V12 power with V8 fuel economy in a luxo barge?! At least that’s what Lexus promised when they came out with the hybrid powered LS600h L at the end of last decade. Probably one of the most advanced cars they have ever made, this thing was a rolling example of Toyota quality and ingenuity.

Launched at the 2006 New York Auto Show, it was the first hybrid powered by a V8. The US only got the long wheelbase L version, while the rest of the world got both standard and logn wheelbase versions. Lexus touted its competition as pretty much all the 6 figure V12 powered luxo barges from everyone else. Mostly as a way to outshine them in fuel economy (which wasn’t that good. More on that below).

The engine was nothing but impressive. Powered by Lexus Hybrid Drive attached to the standard 5 liter V8, according to Wikipedia: the V8 engine is mated to two electric motors with nickel-metal hydride battery packs.[47] The first motor has two primary functions, starting the gasoline engine and charging both the second motor and the nickel-metal hydride battery; the second motor is a high-output generator capable of 165 kW (221 hp; 224 PS) alone.[47] The entire system generates an official output of 327 kW (439 hp; 445 PS). This total figure does not combine the V8 engine and the electric motor standalone power figures.[47] The powertrain uses a two-stage L110F continuously variable transmission, featuring a three-mode power switch for control of torque output between hybrid (normal), power, or snow modes; an additional EV mode allows for silent driving under full electric power. Combined power output was 438 horses.

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EPA fuel economy economy figures were...ok in my opinion.The standard LS got 16 city/24 highway, 19 combined with annual fuel cost of $2400. The 600h L? Not much better. It gained 4 in the city for for 20, but actually lost 2 mpg on the highway for 22. How? I don’t know if its because of how heavy it was (depending on if it was equipped with the Executive Rear seat package, it weighed either 5,115 pounds or 5,203. A heavy girl), or I don’t know. But it got worse fuel economy. Annual Savings were lower at $2,150. With its 2008 msrp being as heavy as its curb weight at $104,900, and the standard LS 460 L starting at $72,000, that means you would have paid 33 grand extra for hybrid tech for $250 bucks in fuel savings. Think about that.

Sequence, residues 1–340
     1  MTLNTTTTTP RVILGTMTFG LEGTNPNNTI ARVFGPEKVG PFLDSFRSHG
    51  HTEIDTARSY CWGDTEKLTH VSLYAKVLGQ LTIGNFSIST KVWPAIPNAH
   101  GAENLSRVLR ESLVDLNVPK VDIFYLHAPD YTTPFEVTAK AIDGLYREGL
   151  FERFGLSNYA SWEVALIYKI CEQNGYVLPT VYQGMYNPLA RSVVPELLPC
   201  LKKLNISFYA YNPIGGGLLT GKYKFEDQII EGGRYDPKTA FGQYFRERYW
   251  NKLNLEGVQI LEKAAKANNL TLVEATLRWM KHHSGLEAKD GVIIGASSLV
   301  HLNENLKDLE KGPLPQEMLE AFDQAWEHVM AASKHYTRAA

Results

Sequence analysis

Other than its questionable value, it was luxurious as hell. You could get full on seating for 4 with a center console full of luxury controls for massages, climate control etc

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A rear entertainment system

with controls for not only the entertainment system, but a whole separate remote just for the massage functions on the rear seats

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Other than that it was standard Lexus luxury and quality. Advanced safety features, one of the first auto parallel parking systems on the market, adjustable air suspension and one of the most advanced headlights on any car at the time

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Which, even now, depending on where you look, can cost upwards of 2 grand for one unit. That’s not including the price to install them. Other than that, these are a steal now, if you can find one. From my research, from its debut year in 2007 to its final year 2016, they sold a total of 2,637 with them never selling more than a thousand on any given year.